Pizzeria Felici
The team behind Cantina Feliz and La Calaca Feliz has created this laid-back space in Horsham, where guests tuck into brilliant Neapolitan-style pizzas and other Italian-inspired fare
by Brian Freedman

I grew up in Maple Glen, where it was more or less received wisdom that a good Neapolitan-style pizza was unattainable locally. Let me re-contextualize that: Most of us—my friends, at least—didn’t really know what Neapolitan-style pizza was. The most exotic pie we had access to at that time was a Sicilian, which, now that I think of it, is pretty much the opposite of its cousin from Naples. Not that we didn’t love those deep-crusted beauties; for my sister and I, a rectangle of Sicilian from our still-beloved Maple Glen Pizza was a treat to look forward to each weekend. (Incidentally, I will argue that Maple Glen Pizza still has the best tuna hoagies on the planet.)

As I grew older, and as our region’s—and our country’s—frame of pizza reference grew, it became apparent that the gap in our local pie knowledge was the much-lauded Neapolitan-style pie. Until recently, however, I hadn’t really tucked into one in these suburbs that grabbed my attention.   

How times have changed.

The team behind the wildly successful Feliz restaurants (Cantina, La Calaca, Taqueria), in the short time their Horsham-based Pizzeria Felici has been open, has quickly taken the pole position among local purveyors of Neapolitan-style pizza. Although they don’t follow Neapolitan pizza law to a T, they don’t have to. These pies are delicious on their own terms.

This shouldn’t come as a surprise. Over the years, the Feliz / Felici team has managed to find that elusive middle ground between culinary authenticity (they serve some of the region’s best chapulines—grasshoppers, and I don’t mean the cocktails—at Manayunk’s Taqueria Feliz) and unselfconscious, laid-back fun in the spaces themselves.

As for Felici, this place mines the classic American pizzeria aesthetic without devolving into kitsch. The seafoam-green tabletops, red-plastic water cups and friendly, engaging service all make it a uniquely casual spot to spend an hour or so chomping away at the approachable, well-executed menu.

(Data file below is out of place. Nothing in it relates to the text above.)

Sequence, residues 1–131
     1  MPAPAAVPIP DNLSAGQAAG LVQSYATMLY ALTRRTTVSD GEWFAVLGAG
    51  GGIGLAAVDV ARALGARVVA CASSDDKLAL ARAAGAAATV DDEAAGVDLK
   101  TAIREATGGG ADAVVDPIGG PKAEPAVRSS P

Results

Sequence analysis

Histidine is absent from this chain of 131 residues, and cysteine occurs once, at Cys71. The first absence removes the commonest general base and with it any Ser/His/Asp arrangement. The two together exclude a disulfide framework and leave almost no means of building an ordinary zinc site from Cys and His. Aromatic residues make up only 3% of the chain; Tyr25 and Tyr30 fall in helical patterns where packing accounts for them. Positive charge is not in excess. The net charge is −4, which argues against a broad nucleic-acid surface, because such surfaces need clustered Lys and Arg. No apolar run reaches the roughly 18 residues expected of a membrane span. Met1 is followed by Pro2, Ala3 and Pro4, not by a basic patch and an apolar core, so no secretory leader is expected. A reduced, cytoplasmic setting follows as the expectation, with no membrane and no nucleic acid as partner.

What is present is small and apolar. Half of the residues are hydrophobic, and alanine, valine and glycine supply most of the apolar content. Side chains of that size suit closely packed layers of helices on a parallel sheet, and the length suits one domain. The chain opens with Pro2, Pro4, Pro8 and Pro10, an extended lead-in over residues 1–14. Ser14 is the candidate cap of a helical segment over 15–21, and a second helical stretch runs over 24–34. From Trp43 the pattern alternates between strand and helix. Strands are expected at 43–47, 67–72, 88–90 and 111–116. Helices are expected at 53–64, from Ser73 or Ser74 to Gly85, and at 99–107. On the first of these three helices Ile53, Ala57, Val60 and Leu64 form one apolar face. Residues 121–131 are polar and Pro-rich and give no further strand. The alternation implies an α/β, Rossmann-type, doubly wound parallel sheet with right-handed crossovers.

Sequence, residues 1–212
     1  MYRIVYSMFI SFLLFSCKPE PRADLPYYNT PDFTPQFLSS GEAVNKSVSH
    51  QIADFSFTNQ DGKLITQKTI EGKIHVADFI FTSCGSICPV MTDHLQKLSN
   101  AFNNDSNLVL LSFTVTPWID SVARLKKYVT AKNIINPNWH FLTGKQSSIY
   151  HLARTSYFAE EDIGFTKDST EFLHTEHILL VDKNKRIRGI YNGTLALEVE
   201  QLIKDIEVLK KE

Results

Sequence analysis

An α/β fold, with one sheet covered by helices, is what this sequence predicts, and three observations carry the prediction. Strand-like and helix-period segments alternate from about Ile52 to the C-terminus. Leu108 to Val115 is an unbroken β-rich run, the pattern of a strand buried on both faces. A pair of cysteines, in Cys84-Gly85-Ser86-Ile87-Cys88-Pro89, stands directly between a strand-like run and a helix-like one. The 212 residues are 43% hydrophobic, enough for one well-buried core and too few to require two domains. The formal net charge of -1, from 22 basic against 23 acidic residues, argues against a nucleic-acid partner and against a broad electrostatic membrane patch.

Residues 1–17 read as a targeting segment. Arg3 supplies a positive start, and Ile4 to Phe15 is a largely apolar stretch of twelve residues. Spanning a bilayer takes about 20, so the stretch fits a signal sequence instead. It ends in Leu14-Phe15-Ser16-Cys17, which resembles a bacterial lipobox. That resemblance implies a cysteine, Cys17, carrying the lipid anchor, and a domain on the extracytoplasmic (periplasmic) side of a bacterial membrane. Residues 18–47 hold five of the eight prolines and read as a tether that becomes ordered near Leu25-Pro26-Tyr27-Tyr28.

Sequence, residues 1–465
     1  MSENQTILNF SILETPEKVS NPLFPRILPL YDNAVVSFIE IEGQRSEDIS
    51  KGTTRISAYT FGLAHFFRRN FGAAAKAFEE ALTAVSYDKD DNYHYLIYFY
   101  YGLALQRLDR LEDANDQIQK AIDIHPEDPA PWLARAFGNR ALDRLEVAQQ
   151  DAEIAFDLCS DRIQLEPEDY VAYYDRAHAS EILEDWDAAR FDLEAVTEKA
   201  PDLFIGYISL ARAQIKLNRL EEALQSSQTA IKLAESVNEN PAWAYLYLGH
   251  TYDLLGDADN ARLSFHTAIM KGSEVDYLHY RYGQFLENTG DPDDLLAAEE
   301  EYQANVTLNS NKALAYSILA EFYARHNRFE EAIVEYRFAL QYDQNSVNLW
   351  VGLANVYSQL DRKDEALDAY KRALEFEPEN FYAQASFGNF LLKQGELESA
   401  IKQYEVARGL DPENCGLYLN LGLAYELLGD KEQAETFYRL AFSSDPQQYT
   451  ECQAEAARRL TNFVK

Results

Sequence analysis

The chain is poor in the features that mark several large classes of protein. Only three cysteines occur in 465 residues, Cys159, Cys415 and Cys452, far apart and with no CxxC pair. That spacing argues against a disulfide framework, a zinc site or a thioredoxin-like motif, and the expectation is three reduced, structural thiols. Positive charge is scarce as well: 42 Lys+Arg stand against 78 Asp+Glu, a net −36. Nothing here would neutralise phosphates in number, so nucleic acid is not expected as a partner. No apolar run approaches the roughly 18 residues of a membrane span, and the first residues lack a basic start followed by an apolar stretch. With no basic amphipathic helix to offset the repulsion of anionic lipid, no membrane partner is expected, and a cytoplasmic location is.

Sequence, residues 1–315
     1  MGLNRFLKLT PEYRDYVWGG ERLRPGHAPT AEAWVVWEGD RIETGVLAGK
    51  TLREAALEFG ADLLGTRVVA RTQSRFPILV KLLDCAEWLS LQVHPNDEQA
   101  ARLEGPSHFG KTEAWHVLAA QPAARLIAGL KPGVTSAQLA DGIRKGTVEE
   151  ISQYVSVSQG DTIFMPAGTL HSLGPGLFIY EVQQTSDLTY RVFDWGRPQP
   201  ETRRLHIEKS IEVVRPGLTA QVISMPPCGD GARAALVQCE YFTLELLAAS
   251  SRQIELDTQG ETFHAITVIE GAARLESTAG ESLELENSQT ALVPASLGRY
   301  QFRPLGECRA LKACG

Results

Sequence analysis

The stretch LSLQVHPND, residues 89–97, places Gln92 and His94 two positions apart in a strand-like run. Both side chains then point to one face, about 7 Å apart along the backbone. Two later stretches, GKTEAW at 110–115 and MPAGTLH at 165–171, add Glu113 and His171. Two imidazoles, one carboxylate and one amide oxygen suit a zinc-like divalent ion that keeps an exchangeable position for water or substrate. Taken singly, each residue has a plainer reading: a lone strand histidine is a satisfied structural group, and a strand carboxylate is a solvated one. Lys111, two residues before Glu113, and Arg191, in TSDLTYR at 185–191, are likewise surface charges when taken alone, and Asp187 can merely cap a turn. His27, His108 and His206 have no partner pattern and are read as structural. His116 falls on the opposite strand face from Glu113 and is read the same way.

The ‘nduja and red onion pizza was an excellent platform for an exploration of the grossly under-appreciated spreadable ‘nduja sausage; a touch of mozzarella softened the sausage’s spicy, salami-like flavor. Clam and garlic pizza, which can be a brutally difficult pie to pull off, soared on the aromatic coattails of a roasted garlic sauce; each of the two dozen littlenecks was lifted with a generous hit of lemon juice and zest. Different as they were, both of these pizzas succeeded not only by virtue of their toppings but also due to their evenly leopard-spotted crusts—the edges chewy and blistered in all the right places.

The rest of the menu reads like a “greatest hits” mix tape of the Italian-American tradition. The Caesar salad was creamy and bright, and the focaccia croutons had absorbed just the right amount of dressing to soften up their outer layer yet remain snappy throughout. Fried calamari, so often little more than a cephalopod cousin of the household rubber band, was so tender as to be almost creamy, and good enough on their own that they didn’t even need the tasty Calabrian-chili aioli or whole-peeled tomato sauce that accompanied them. The herb-flecked flatbread worked well on its own and was even better when dragged through the accompanying cup of tangy, cinnamon-kissed pepperoni sauce.

The chicken parmesan, so often the downfall of meals I’ve otherwise enjoyed throughout the years—I’ve lost track of the number of pancake-flat chicken breasts encased in a flaccid batter and mugged by not-hot-enough frying oil—was carefully, conscientiously re-imagined here. The meat was sliced at an angle to allow the texture of the bird to shine through, and the portion was large enough to make for an excellent lunch the next day. Even the meatballs, which can be an unexpectedly tricky dish to whip up in any sort of volume, were somehow both light and dense.

My only letdown, and I can assure you it was a slight one, was the tiramisu. The dish could have used more espresso to cut through the creamier layers. My suspicion is that if it had been prepared in a more classic manner—served on a plate rather than in a glass—the house-made ladyfingers (baked in sheets, smartly) would have been forced to play a more assertive role. The homemade gelato, on the other hand, was stellar. The texture dense and the flavors—chocolate, vanilla and a wonderfully comforting brown butter—were expressive yet not overbearing.

On our way out, we walked past a massive display of brightly colored pizza paddles, each festooned with an image of a famous or otherwise notable Italian or Italian-American: Joe DiMaggio, Tony Danza, Robert Di Nero, Lady Gaga and Leonardo da Vinci, among others. It’s a cute, witty touch in a restaurant that I wish had been there during my formative years.

Better late than never, though: Pizzeria Felici is a fabulous addition to the local dining scene, and a restaurant I plan on visiting whenever I truck my wife and kids out to visit my parents, who still live in Maple Glen. It’s friendly, inviting and sneakily sophisticated. That’s a tough combination to pull off, and something worth celebrating when it is.

Pizzeria Felici
303 Horsham Road, Horsham

Photograph by Jody Robinson